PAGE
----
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The Pathogenesis of Venous Limb Gangrene Associated with Heparin-Induced Thrombocytopenia

Theodore E. Warkentin, MD; Leela J. Elavathil, MBBS; Catherine P.M. Hayward, MD; Marilyn A. Johnston, ART; Jean I. Russett, ART; and John G. Kelton, MD
[+] Article and Author Information

From McMaster University, Hamilton Health Sciences Corporation, and the Hamilton Civic Hospitals Research Centre, Hamilton, Ontario, Canada. Acknowledgments: The authors thank Dr. H. Alexander Heggtveit for his review of the pathologic material; Dr. Fred A. Ofosu for assays on some plasma samples; and Professor Robin S. Roberts and Jeremy N. Roberts for assistance with statistical analysis. Grant Support: By the Heart and Stroke Foundation of Ontario (8-46924) and by the Hamilton Civic Hospitals Fund. Drs. Warkentin and Hayward are Research Scholars of the Heart and Stroke Foundation of Canada. Dr. Kelton is a Career Investigator for the Heart and Stroke Foundation of Ontario. Requests for Reprints: Theodore E. Warkentin, MD, Department of Laboratory Medicine, Hamilton Health Sciences Corporation, Hamilton General Campus, 237 Barton Street East, Hamilton, Ontario L8L 2X2, Canada. Current Author Addresses: Drs. Warkentin and Elavathil: Department of Laboratory Medicine, Hamilton Health Sciences Corporation, Hamilton General Campus, 237 Barton Street East, Hamilton, Ontario L8L 2X2, Canada.


Copyright ©2004 by the American College of Physicians


Ann Intern Med. 1997;127(9):804-812. doi:10.7326/0003-4819-127-9-199711010-00005
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Background: Platelet-mediated arterial occlusion is a well-recognized cause of limb loss in patients with heparin-induced thrombocytopenia. However, the syndrome of distal ischemic necrosis complicating the deep venous thrombosis (venous limb gangrene) sometimes associated with heparin-induced thrombocytopenia has not been well characterized.

Objective: To study the pathogenesis of venous limb gangrene associated with heparin-induced thrombocytopenia.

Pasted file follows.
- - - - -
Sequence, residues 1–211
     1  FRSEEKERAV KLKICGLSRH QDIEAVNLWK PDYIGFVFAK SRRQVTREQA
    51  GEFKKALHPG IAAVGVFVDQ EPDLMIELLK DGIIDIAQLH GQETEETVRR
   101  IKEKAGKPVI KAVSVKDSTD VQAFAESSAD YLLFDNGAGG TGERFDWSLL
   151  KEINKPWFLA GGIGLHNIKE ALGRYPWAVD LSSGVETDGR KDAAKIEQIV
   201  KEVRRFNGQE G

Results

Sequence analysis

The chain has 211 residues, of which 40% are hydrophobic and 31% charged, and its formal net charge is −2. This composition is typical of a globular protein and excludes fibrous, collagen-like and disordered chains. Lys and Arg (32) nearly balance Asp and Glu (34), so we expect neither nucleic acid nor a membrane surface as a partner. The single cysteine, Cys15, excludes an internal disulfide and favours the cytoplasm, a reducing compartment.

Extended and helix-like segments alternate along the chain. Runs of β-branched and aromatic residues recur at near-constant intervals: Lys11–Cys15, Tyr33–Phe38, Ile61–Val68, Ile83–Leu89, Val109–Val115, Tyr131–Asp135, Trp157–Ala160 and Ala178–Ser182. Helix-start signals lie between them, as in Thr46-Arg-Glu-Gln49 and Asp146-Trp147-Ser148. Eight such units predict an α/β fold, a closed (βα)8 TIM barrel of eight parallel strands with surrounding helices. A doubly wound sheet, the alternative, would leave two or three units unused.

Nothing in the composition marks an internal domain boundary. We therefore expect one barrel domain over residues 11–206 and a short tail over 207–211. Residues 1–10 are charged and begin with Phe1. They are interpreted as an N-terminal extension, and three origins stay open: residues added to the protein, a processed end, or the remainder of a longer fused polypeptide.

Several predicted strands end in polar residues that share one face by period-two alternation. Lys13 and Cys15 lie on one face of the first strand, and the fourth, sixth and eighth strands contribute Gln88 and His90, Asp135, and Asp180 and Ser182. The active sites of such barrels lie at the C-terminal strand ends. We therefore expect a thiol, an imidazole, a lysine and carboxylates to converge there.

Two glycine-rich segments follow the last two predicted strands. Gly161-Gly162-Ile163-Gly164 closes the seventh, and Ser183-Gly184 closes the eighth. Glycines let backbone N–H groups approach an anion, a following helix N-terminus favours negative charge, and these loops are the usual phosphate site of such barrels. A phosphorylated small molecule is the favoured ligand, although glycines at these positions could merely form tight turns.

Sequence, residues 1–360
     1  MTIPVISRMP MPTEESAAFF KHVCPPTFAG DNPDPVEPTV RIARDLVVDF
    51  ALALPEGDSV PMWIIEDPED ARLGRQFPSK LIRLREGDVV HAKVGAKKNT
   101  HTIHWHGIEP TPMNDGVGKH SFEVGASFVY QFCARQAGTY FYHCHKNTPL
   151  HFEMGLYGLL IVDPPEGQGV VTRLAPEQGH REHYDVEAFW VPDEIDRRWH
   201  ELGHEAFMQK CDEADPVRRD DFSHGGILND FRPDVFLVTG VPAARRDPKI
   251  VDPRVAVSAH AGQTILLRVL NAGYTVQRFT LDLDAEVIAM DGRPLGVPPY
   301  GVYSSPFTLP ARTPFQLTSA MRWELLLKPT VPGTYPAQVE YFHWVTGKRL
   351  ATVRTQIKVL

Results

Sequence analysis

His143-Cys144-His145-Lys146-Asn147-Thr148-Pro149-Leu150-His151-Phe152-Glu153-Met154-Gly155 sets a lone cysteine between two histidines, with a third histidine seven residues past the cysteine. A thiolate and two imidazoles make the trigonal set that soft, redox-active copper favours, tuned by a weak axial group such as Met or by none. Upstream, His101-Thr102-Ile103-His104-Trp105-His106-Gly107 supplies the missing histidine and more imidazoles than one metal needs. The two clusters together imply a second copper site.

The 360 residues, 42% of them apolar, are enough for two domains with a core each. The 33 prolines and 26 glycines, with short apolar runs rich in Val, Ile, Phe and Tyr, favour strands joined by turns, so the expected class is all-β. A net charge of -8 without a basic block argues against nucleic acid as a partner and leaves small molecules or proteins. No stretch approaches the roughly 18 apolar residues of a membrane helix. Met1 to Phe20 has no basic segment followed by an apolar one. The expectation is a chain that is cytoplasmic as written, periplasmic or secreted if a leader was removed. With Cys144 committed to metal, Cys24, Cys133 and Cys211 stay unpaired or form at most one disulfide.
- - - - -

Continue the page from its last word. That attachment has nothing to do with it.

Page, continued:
Design: Characterization (based on descriptive and case–control studies) of a novel syndrome of limb loss and hypothesis testing by analysis of plasma samples.

Setting: Five university-associated hospitals in one medical community.

Patients: Clinical and laboratory records of 158 patients with heparin-induced thrombocytopenia were reviewed to identify patients with venous limb gangrene (n = 8), limb arterial thrombosis (n = 10), and uncomplicated deep venous thrombosis (n = 58).

Measurements: Clinical and laboratory factors associated with venous limb gangrene, including thrombin-antithrombin complexes and vitamin K-dependent procoagulant and anticoagulant factors.

Results: Warfarin treatment was more frequently associated with venous limb gangrene than with limb arterial thrombosis (8 of 8 patients compared with 3 of 10 patients; P = 0.004). The anticoagulant effect of warfarin seemed greater in the 8 patients with venous limb gangrene than in the 58 patients who did not develop gangrene (median international normalized ratio, 5.8 compared with 3.1; P < 0.001). Compared with plasma from controls, plasma from patients with venous limb gangrene had a higher ratio of thrombin-antithrombin complex to protein C activity during warfarin treatment. No hereditable abnormalities of the protein C anticoagulant pathway were seen in any patient.